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Dr. Tripathy Reviews Targeted Therapies in Breast Cancer

Debu Tripathy, MD
Published: Friday, May 03, 2013

Debu Tripathy, MD, co-leader, Women's Cancer Program, University of Southern California Norris Comprehensive Cancer Center, discusses the targeted therapies that are currently available for the treatment of patients with breast cancer.

Currently, the HER2-targeted agent trastuzumab is the standard of care for patients with early-stage and metastatic, HER2-positive breast cancer. Newer drugs, Tripathy says, are not perfect but they certainly have a clinical impact. In the first-line setting, the addition of pertuzumab to trastuzumab has shown improvement to disease-free survival and overall survival.

T-DM1, an immunoconjugate targeted at HER2, was recently approved for HER2-positive metastatic breast cancer. This approval was based off an improvement in survival over lapatinib and capecitabine, which was the previous standard of care in the second-line setting for HER2-positive disease.

These advances are important because they extend survival with a minimal impact on toxicity and represent new standard of care, Tripathy notes. However, these agents do have limitations as patients are not cured and not all respond.

Debu Tripathy, MD, co-leader, Women's Cancer Program, University of Southern California Norris Comprehensive Cancer Center, discusses the targeted therapies that are currently available for the treatment of patients with breast cancer.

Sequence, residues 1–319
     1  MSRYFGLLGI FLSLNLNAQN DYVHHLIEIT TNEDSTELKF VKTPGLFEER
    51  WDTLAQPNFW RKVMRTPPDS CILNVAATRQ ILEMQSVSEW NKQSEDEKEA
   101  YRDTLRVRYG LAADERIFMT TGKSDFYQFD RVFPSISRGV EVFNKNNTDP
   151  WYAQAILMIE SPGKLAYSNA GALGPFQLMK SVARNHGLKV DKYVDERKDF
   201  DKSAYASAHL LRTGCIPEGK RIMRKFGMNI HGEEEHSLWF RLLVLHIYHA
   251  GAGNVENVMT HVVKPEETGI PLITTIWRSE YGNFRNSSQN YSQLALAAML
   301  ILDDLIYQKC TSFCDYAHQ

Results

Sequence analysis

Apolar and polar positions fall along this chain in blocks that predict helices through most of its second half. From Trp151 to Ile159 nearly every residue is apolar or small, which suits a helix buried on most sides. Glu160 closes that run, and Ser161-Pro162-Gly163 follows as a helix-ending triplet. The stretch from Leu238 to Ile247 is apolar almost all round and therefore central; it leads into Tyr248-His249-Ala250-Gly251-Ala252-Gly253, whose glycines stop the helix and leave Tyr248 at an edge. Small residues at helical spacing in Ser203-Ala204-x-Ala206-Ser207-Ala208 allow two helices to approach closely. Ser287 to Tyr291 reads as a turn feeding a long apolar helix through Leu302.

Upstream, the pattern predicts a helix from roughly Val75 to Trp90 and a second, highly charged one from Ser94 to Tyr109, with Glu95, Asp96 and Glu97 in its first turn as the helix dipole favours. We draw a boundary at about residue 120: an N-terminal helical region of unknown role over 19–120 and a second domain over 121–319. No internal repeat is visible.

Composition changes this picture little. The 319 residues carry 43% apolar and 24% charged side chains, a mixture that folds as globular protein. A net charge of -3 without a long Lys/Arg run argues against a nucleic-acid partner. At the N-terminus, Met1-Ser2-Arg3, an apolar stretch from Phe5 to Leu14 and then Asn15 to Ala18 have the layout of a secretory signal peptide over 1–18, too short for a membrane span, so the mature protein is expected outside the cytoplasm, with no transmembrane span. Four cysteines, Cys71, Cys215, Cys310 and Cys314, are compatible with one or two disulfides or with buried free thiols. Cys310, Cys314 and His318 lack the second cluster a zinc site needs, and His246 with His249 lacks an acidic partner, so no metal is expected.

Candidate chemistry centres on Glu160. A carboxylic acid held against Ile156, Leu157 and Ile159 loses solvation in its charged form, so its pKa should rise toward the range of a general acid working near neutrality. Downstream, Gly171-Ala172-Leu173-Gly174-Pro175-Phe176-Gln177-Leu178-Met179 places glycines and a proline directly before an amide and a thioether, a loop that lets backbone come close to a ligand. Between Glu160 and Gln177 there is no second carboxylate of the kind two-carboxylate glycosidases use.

Currently, the HER2-targeted agent trastuzumab is the standard of care for patients with early-stage and metastatic, HER2-positive breast cancer. Newer drugs, Tripathy says, are not perfect but they certainly have a clinical impact. In the first-line setting, the addition of pertuzumab to trastuzumab has shown improvement to disease-free survival and overall survival.

T-DM1, an immunoconjugate targeted at HER2, was recently approved for HER2-positive metastatic breast cancer. This approval was based off an improvement in survival over lapatinib and capecitabine, which was the previous standard of care in the second-line setting for HER2-positive disease.

These advances are important because they extend survival with a minimal impact on toxicity and represent new standard of care, Tripathy notes. However, these agents do have limitations as patients are not cured and not all respond.




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